Yesterday was a beautiful day here in the midwest. It’s amazing what some fresh air can do for you, the quality of your thoughts, and your perspective.
After work, I enjoyed a nice, long walk by myself. I listened to music that I chose. When I didn’t like a song, I changed it. If I got tired of a song before it was over, I changed it. If I remembered a song that went well with the scenery, I searched for it. I took pictures of what I found beautiful. I walked the path of my choosing. I laughed and smiled enjoying children and dogs who played, asked questions, and lived in the moment.
I got to choose all of this for myself. The air I breathed was free. The experience was free. And life was good.
At times last week, my attitude was not so easy breezy. I worked hard to be professional and polite. I worked hard not to bring others down. However, the more I focused on everything I couldn’t control and what wasn’t going well or the way I hoped, the harder it was for me stop thinking that way.
There is brain research to support this. Our brain craves when it experiences consistently. So, if the brain has been miserable, it would rather be consistently miserable than experience momentary happiness. Pretty messed up, right?
The lesson in all of this is that we must train our brains to see the good. In ourselves. In others. In our world. What we look for, we find. It doesn’t mean we won’t see and confront the hard stuff too. We must. We must actively work to make our world a better place. But we also owe it to ourselves to enjoy this one life we’ve been given. We don’t have to be consistently miserable to confront the miseries of this world.
The only person who suffered from my disappointments last week was arguably me. We must find ways to confront very difficult realities without letting it consume us, mind, body, and spirit. I’ve shared this quote from Shawn Achor many times, but it bears repeating again, “Our brain at positive is 31% more productive than it is at negative, neutral, or stressed.” So, if we aren’t actively working to keep ourselves above the line, over time, our potential is diminished. We deserve better.
This week I’m choosing to focus on what is in my control. There are going to be times when we have to REALLY look for it, but it’s always there. Something as small as choosing my music or podcast during a walk or a drive, that’s a choice and it’s a choice I’m truly thankful for. I also get to choose how I show up for myself and others. And while there are times that despite my best efforts, things don’t go the way I hoped, I still showed up. I chose my productive response. And something about that brings me peace.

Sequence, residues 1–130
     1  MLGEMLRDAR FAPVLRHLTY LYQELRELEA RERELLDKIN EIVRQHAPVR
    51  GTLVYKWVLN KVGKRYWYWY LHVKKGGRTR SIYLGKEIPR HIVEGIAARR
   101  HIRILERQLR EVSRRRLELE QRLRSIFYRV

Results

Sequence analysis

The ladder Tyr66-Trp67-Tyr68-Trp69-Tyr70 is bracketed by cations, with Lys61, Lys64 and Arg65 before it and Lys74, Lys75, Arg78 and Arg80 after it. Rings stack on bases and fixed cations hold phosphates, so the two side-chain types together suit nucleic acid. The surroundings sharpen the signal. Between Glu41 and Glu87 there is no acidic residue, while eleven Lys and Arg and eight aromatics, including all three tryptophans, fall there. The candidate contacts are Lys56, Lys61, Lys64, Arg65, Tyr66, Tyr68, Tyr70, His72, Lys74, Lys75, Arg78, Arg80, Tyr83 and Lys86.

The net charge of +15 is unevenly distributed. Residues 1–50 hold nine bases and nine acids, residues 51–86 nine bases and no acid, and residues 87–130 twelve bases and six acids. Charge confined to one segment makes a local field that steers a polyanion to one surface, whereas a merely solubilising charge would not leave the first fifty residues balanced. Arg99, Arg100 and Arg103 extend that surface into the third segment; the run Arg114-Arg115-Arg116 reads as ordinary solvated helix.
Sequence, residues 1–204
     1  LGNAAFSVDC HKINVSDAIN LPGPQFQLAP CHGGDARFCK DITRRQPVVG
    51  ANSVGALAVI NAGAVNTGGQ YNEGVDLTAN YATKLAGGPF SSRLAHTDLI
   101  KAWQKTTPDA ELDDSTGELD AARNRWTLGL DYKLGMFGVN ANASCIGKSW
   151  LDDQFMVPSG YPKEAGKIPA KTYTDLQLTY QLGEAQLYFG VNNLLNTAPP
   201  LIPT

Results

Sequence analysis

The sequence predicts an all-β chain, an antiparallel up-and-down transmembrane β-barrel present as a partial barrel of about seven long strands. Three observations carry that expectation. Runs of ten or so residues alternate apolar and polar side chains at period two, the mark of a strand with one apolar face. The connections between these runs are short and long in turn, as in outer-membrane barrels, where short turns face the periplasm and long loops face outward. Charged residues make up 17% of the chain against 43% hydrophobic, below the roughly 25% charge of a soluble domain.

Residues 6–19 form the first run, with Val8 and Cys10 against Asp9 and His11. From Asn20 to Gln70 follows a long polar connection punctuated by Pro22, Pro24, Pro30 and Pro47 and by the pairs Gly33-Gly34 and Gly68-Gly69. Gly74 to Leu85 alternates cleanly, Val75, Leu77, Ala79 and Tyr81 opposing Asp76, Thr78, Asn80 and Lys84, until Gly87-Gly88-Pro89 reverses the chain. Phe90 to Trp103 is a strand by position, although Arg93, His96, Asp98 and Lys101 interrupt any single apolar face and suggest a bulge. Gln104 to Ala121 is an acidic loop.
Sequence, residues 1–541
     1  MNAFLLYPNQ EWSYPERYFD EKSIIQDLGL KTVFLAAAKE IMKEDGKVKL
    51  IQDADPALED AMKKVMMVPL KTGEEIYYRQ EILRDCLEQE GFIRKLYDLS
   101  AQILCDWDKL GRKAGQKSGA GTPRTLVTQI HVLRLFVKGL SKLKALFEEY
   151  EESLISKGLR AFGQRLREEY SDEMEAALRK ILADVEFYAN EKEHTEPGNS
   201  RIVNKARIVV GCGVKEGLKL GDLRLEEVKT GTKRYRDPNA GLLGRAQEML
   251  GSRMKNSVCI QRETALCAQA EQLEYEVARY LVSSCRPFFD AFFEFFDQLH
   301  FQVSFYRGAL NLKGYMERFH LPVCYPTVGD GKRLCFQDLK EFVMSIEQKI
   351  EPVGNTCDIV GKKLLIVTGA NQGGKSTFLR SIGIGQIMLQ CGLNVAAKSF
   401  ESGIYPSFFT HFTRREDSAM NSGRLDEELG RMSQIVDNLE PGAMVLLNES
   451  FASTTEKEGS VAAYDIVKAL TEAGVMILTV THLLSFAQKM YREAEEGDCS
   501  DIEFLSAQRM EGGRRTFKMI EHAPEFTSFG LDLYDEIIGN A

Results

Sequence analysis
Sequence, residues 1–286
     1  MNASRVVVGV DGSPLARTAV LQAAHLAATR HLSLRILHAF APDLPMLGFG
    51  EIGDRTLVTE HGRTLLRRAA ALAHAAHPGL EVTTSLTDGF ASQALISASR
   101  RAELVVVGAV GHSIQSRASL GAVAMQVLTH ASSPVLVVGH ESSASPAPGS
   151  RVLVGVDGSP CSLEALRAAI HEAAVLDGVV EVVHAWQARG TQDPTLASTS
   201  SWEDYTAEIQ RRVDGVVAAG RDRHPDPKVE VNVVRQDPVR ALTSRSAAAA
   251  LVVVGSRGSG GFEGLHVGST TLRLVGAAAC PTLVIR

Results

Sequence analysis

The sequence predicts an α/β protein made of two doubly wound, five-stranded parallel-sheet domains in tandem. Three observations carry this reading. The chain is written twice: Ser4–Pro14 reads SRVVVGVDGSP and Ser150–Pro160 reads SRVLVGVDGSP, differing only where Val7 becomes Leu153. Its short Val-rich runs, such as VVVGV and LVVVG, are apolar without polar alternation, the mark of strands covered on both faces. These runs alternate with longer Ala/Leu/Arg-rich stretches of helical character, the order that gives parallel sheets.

I saw a quote the other day that said, “If you don’t like where you are, move. You are not a tree.” Whether that’s moving outside for a walk, shifting our perspective, or changing our role or where we work, there are always choices.
And there is something very liberating about finding those choices and recognizing they exist.
Perhaps Matthew McConnaughey said it best in his book, Greenlights, “…don’t choose anything that would jeopardize your soul. Prioritize who you are, who you want to be, and don’t spend time with anything that antagonizes your character.”
Let’s belong to ourselves first and always. I want to be able to stay close to who I am, my joy, and my purpose without letting the hiccups, setbacks, and the behavior of others disrupt my inner peace in a big way. Peace. We deserve that. Maybe if we work to hold a bit more tightly to inner peace and a bit less tightly to what is happening around us, we will have a better shot of reaching our fullest potential.
And have fun doing it.
What has been disrupting your inner peace?
What is one small move you could make on a daily basis to reclaim that inner peace?
How might you simply have a smidge more fun every day?
What choices do you have in your daily life that are worth celebrating?